output = mnist_forward(x_var, model)
            loss = F.softmax_cross_entropy(output, y_var)

# Make a prediction function, using a softmax and argmax in order to
# match the target space so that we can validate.
def mnist_predict(x, model):
    x = Variable(x)

    output = mnist_forward(x, model)

    return F.softmax(output).data.argmax(1)

Train the Model

We can now train the network (I’d recommend a low number of epochs and a high batch size to start with in order to reduce training time, then these can be altered later to increase validation performance).

mnist_train(x_train, y_train, mnist_model, n_epochs=5)

Make a Prediction

The last thing we must do is validate the model on our held out set of test images to make sure that the model is not overfitting.

# Call your prediction function on the test set
pred = mnist_predict(x_test, mnist_model)

# Compare the prediction to the ground truth target values.
accuracy = (pred==y_test).mean()

# Print out test accuracy
print("Test accuracy: %f" % accuracy)
Test accuracy: 0.965900

Thus, by simply training for around 5 epochs</a>4 we obtain a model that has an error rate of only 3.4% in testing!

Model Persistence

Should you wish to save your trained model for future use, Chainer’s most recent release provides the ability to serialize link elements and optimizer states into an hdf5 format via:

serializers.save_hdf5('test.model', mnist_model)
serializers.save_hdf5('test.state', mnist_optimizer)

Then we can quickly restore the state of our previous model and resume training from that point by loading the serialized files.

serializers.load_hdf5('my_model.model', model_name)
serializers.load_hdf5('my_optimizer.state', optimizer_name)


Over the course of this post you have hopefully gained an appreciation for the utility of using neural network frameworks like Chainer. It’s worth noting that the entire routine we developed for structuring and training a high-performance MNIST classifier with a 3.4% error rate was accomplished in just over 25 lines of code and around 10 seconds of CPU training time, in which it processed a total of 300,000 images. Of course, in my effort to prioritize simplicity I have opted for readability over elegance. Thus, many of the techniques above should be altered in practice beyond the learning stage. The Chainer documentation is rather extensive and covers both best practices and more advanced topics in greater detail, including modularity through object orienting.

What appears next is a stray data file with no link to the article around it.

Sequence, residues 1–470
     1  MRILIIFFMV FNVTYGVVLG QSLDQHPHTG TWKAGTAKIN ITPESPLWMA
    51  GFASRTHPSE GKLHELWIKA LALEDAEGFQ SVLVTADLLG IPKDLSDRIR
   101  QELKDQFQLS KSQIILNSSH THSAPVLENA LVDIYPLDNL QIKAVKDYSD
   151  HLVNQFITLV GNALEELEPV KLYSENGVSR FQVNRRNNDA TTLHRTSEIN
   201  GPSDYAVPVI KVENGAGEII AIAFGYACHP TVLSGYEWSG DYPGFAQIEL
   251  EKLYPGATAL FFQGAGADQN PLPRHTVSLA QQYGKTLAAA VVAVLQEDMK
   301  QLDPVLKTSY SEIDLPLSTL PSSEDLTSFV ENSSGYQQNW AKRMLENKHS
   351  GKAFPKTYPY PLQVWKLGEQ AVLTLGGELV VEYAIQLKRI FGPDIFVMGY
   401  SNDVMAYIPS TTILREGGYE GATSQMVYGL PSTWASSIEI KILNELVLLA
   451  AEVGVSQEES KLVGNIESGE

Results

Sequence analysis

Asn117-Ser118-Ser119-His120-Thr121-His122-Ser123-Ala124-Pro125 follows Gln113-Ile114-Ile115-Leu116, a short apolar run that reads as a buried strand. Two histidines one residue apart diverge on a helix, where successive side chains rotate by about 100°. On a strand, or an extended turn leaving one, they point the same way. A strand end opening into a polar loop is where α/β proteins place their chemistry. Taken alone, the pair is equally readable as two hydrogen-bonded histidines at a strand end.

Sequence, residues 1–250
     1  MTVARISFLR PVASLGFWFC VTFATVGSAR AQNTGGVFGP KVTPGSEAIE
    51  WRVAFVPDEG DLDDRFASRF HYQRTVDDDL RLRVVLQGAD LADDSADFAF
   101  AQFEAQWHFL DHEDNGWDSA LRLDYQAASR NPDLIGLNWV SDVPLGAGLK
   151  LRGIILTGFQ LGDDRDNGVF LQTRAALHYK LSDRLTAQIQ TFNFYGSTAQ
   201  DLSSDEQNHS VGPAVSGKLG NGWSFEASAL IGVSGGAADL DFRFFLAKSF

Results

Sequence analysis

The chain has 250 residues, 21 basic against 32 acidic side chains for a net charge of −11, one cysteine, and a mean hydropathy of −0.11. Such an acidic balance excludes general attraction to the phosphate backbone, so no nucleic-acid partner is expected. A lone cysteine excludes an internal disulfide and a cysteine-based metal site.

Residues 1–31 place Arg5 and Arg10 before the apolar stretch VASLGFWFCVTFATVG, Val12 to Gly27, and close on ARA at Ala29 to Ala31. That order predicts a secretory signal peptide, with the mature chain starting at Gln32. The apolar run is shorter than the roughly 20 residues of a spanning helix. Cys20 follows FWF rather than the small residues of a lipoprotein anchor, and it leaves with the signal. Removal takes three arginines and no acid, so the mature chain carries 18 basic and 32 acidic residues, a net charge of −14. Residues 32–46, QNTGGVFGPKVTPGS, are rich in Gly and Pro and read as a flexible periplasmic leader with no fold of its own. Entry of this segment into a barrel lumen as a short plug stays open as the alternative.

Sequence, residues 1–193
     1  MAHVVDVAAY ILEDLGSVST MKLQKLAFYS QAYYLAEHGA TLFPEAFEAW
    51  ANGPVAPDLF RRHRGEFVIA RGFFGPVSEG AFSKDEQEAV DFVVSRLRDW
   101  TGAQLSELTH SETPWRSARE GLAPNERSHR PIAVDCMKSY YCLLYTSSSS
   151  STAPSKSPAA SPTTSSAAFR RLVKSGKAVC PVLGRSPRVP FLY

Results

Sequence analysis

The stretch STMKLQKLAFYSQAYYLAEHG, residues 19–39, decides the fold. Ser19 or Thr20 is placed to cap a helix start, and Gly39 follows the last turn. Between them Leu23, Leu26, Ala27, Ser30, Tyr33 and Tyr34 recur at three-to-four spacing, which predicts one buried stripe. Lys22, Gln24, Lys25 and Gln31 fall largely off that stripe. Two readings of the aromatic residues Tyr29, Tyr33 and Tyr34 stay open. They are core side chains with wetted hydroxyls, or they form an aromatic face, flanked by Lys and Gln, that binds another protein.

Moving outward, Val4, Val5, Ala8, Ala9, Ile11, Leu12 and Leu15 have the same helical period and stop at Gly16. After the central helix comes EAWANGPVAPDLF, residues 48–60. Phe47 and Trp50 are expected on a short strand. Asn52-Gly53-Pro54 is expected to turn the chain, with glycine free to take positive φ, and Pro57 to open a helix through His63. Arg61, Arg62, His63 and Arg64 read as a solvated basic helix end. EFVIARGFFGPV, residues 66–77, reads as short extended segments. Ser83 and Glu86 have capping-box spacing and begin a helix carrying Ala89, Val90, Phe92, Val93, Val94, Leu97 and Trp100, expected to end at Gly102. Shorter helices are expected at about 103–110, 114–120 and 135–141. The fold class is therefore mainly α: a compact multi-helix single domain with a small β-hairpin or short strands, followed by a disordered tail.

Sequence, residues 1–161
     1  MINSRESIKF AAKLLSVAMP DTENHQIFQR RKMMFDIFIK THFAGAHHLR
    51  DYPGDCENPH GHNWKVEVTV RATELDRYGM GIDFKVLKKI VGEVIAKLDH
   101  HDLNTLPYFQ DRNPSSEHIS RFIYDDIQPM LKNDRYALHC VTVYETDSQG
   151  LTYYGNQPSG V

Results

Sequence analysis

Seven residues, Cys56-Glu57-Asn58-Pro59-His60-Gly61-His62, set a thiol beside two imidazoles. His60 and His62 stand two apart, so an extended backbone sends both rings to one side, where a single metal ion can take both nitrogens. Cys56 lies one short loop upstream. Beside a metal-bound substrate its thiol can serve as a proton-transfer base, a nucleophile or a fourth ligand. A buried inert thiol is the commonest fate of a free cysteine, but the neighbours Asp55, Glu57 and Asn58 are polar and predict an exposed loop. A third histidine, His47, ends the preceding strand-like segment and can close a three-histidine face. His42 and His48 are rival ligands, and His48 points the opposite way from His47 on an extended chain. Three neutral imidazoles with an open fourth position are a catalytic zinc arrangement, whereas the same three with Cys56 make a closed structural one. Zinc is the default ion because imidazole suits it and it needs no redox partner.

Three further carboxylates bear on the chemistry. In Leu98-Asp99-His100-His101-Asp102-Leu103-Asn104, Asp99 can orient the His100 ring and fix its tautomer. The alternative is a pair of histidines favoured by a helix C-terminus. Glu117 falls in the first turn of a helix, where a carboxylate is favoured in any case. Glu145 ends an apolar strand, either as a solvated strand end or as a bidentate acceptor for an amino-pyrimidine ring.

1 FunctionSet is now depricated in the most recent Chainer release, with the preferred alternative being to make your own class that inherits from the Chainer Chain class. However, in the interest of making this post as simple as possible I’ve opted to use the older method and wrap the links with FunctionSet. You should refer to Chainer’s own tutorial documentation for a more elegant treatment.

2 We’ll use rectified linear units for this example due to their computational efficiency and easy backpropagation.

3 This will help impose the constraint that the output values should sum to one.

4 This process takes under 10 seconds on my 3.1 GHz dual-core i7.